The edges are usually the best places to start and once in position, drop your live bait down to the bottom and retrieve several metres back so the livie is up off the bottom. Drift through your mark/structure slowly, the skipper needs to reverse when needed to keep the line vertical and always watching the sounder to identify the drop offs or edge of the structure.
Often the kingfish will be well up off the bottom, so use the sounder to identify what depth and then you can use the coloured braid depth breaks to put the livie in the zone. Eg, if your braid is coloured in 10m sections and the kingfish are holding over a reef at 60m, you need to count 6 colour changes of braid.
Your live bait will start to get nervous when it gets attention, you will notice the rod dipping and the line twitching. Once the weight starts to come on more, push the drag up and start winding. The circle hook will do its job and hopefully the hook will be embedded in the corner of the kingfish’s mouth. Don’t be surprised how many livies manage to get removed off the hook by kingfish, it may take a few livies before success. But at least you know they are producing the bites.
Our other approach in deeper water is to jig for kingfish. Mechanical jigging with large jigs is very effective on kingfish as their predatory nature means they will chase down fast moving lures.
For this we need to switch to a different rod and reel set. A typical jigging rod is shorter and very strong, matched with either a high-speed ratio overhead reel or a spin reel that can hold 250-300m of 24-37kg braid.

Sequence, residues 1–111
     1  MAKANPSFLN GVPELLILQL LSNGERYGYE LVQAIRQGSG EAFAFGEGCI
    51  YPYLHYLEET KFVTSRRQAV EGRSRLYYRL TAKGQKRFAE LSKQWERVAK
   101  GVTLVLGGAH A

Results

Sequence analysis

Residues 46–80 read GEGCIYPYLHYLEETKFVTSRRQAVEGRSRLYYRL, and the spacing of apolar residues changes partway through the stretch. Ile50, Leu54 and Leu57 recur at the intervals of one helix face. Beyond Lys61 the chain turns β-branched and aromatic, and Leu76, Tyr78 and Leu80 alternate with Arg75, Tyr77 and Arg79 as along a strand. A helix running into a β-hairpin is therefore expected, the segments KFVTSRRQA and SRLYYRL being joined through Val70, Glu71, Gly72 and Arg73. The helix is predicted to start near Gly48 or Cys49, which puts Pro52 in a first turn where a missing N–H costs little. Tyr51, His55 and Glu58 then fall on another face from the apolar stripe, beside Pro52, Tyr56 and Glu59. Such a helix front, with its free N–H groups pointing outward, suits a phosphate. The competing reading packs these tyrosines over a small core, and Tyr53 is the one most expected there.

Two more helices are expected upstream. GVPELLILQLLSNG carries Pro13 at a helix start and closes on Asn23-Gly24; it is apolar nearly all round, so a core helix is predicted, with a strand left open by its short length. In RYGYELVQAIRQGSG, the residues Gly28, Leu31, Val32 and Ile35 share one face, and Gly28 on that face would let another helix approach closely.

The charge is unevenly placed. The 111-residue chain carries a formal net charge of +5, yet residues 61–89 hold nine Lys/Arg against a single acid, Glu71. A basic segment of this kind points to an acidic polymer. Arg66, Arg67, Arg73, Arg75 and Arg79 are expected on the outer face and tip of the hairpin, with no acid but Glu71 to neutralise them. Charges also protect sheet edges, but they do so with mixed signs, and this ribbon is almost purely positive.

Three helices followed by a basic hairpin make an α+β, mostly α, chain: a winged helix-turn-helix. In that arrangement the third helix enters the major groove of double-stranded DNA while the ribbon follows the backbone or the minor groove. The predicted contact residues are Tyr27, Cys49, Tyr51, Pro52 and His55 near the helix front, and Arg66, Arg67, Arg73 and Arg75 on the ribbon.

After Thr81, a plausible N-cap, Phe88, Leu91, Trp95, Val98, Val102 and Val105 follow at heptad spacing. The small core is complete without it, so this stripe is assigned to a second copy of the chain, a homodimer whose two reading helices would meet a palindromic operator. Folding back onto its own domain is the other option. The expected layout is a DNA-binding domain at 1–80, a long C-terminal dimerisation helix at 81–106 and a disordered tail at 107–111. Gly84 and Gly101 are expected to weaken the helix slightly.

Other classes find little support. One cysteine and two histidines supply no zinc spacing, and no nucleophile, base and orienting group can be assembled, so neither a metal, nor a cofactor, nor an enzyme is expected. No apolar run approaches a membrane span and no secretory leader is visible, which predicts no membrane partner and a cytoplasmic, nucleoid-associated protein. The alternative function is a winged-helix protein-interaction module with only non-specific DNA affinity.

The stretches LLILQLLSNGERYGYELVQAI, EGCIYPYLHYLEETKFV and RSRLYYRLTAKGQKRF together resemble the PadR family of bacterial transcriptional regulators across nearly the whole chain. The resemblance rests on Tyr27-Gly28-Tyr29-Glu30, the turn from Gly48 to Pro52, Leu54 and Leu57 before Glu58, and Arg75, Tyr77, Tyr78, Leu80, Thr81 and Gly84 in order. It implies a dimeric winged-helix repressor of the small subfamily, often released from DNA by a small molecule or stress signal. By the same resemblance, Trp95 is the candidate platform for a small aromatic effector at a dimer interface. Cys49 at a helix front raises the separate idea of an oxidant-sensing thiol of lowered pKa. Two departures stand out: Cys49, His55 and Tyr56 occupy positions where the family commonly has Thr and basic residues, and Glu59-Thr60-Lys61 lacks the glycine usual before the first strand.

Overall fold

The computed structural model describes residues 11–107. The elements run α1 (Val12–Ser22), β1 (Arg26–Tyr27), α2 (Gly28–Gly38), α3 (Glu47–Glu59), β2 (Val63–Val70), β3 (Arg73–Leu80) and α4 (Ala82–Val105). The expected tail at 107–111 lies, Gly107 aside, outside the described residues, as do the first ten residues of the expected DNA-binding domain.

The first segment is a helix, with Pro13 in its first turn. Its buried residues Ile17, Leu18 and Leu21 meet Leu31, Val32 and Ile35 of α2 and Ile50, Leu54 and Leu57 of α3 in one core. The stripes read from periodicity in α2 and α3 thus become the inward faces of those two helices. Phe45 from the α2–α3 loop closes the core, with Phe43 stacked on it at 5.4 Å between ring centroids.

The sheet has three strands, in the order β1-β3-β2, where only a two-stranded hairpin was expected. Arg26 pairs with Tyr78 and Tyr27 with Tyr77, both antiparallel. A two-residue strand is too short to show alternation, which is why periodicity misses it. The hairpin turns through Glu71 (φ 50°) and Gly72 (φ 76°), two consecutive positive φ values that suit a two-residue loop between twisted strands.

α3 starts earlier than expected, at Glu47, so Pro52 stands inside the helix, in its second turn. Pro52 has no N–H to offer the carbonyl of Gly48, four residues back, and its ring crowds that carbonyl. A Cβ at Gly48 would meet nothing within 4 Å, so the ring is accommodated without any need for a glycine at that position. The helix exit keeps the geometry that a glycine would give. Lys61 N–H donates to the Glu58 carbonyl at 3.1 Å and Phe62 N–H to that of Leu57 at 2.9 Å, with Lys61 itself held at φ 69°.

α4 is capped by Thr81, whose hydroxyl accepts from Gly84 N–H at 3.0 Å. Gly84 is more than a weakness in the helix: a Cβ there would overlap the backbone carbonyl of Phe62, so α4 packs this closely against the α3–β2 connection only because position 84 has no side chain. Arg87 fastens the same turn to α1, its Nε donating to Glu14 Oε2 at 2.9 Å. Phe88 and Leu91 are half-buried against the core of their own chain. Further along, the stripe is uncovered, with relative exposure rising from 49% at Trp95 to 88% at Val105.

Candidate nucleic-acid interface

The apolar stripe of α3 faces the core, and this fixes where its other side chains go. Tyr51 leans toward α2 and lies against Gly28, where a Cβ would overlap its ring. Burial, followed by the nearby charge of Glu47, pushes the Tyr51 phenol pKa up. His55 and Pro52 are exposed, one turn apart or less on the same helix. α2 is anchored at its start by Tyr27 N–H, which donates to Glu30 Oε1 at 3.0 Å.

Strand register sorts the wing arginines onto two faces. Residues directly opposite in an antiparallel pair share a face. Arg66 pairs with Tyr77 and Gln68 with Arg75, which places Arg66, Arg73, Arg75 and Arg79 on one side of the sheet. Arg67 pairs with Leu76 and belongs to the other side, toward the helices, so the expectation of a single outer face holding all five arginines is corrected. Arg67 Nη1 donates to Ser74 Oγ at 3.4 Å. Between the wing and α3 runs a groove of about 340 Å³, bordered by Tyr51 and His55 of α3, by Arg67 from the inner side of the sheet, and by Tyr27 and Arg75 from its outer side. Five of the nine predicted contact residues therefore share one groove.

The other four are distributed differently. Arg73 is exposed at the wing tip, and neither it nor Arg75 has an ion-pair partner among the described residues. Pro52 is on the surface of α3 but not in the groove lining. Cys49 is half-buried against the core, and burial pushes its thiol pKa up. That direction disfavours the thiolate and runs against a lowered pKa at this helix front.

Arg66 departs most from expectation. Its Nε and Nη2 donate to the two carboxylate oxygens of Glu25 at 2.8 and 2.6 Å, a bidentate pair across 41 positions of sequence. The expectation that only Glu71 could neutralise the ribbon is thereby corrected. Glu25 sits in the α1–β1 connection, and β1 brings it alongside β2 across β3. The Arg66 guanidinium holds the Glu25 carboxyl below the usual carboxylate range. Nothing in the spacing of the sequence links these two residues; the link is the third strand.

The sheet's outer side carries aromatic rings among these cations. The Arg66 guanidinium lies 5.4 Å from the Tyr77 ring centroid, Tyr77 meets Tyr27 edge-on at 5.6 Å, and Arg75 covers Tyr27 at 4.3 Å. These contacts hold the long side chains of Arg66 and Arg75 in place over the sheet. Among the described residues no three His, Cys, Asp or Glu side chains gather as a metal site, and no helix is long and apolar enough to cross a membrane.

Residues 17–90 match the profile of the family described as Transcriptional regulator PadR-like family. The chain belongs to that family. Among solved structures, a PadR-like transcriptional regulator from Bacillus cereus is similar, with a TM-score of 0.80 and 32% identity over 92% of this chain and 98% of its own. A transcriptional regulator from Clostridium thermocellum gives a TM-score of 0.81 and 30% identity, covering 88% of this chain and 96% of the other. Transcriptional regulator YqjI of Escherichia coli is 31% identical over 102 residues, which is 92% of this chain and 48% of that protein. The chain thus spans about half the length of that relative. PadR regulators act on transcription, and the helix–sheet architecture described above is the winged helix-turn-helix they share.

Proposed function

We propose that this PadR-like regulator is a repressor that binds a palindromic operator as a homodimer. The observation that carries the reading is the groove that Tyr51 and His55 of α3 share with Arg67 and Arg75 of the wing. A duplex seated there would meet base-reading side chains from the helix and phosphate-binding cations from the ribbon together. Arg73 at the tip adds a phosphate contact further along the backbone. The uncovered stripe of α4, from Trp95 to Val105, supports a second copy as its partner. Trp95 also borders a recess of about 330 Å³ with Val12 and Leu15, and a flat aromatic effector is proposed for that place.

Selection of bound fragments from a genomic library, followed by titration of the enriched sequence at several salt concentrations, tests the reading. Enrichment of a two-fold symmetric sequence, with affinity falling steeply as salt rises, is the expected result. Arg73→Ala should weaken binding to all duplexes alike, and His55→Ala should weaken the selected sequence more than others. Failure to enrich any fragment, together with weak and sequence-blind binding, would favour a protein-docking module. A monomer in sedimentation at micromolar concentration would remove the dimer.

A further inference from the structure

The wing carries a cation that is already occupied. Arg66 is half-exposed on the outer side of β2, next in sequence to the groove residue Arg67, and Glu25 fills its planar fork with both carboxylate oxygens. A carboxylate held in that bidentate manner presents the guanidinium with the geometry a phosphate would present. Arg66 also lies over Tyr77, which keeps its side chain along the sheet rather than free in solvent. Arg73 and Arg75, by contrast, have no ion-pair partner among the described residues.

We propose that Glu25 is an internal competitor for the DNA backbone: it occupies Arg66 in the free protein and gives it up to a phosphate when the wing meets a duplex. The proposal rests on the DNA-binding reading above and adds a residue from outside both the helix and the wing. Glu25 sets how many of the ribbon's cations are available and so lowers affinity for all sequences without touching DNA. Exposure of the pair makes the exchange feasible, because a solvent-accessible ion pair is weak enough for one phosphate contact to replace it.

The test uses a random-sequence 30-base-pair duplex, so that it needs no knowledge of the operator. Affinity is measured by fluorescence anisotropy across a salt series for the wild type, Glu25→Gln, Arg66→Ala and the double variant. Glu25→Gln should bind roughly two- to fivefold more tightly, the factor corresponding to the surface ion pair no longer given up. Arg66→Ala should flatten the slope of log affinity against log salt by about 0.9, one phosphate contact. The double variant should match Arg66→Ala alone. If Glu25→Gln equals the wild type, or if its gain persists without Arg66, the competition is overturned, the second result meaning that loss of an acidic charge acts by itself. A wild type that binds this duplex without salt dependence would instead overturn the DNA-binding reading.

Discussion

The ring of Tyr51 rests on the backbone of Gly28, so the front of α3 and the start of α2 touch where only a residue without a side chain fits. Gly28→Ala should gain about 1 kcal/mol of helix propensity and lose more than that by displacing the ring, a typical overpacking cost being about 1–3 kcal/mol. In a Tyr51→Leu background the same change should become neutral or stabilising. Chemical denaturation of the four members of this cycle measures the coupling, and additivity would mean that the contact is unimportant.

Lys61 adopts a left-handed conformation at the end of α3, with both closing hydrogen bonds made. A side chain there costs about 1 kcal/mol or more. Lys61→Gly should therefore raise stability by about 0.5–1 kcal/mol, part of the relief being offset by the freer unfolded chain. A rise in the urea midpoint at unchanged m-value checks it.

Braid is crucial as you need to keep in direct contact with the jig and use them vertically, and braid has no stretch. The reels also need to have good drags, offering at least 10-12kg of drag to help put the hurt on big kingfish.
Again, you will need to tie an 80lb-120lb mono leader of approximately 10-15ft which is then connected straight to the solid, hook ring on the jig. The best knots for tying leader to the braid is the PR Knot or FG Knot, Google these online to show you as there are numerous videos available.
Take a selection of different weights and colours, from 200gm – 400gm jigs. Weight is more important than colour, on calm days with little current you can use lighter 200-250gm jigs. If there are stronger winds causing the boat to drift more quickly or there is more current, then heavier 300-400gm jigs are best.
Again, when fishing deeper water over 70m+, you are looking for the same structure such as reefs, pins, or foul where kingfish like to hunt. Use the sounder to locate where the kingfish are holding over the mark, the skipper will need to keep you right above it.
Drop your jig down to the bottom and crank it back up using a quick half turn of the reel handle and a short lift on the rod at the same time. This makes the jig stall and jinx on its way up, mimicking an injured bait fish. It is an awkward style at first until you get into a good rhythm, but a lot of first time jiggers do well as their erratic style works.
As when live baiting, often the kingfish are well up off the bottom, so again use the sounder to identify what depth and use your coloured braid depth breaks to drop the jig to where the kings are. Eg, if the bottom is 130m and the kingfish sign is at 70m, you need to count 7 colour changes of braid. This means you are saving time and energy by not going all the way to the bottom!
Jigging is a fun and more active method of fishing for kingfish, but combined with live baiting and actively fishing in deeper water, you will see your kingfish catches increase.